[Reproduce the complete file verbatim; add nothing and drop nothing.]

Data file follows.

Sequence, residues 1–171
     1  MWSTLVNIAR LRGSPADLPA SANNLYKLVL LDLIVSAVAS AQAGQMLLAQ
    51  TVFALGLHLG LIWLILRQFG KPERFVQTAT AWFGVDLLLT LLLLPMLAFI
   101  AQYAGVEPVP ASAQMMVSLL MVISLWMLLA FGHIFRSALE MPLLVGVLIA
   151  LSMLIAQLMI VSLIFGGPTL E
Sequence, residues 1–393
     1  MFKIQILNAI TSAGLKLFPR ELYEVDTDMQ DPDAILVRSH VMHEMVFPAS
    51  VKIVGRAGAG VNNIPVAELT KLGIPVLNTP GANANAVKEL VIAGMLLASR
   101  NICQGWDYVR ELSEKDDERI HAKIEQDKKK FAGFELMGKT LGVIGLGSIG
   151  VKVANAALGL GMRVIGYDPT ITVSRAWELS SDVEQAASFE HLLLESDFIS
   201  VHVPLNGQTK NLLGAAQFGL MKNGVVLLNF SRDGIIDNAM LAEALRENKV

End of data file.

Sequence, residues 1–171
     1  MWSTLVNIAR LRGSPADLPA SANNLYKLVL LDLIVSAVAS AQAGQMLLAQ
    51  TVFALGLHLG LIWLILRQFG KPERFVQTAT AWFGVDLLLT LLLLPMLAFI
   101  AQYAGVEPVP ASAQMMVSLL MVISLWMLLA FGHIFRSALE MPLLVGVLIA
   151  LSMLIAQLMI VSLIFGGPTL E
Sequence, residues 1–393
     1  MFKIQILNAI TSAGLKLFPR ELYEVDTDMQ DPDAILVRSH VMHEMVFPAS
    51  VKIVGRAGAG VNNIPVAELT KLGIPVLNTP GANANAVKEL VIAGMLLASR
   101  NICQGWDYVR ELSEKDDERI HAKIEQDKKK FAGFELMGKT LGVIGLGSIG
   151  VKVANAALGL GMRVIGYDPT ITVSRAWELS SDVEQAASFE HLLLESDFIS
   201  VHVPLNGQTK NLLGAAQFGL MKNGVVLLNF SRDGIIDNAM LAEALRENKV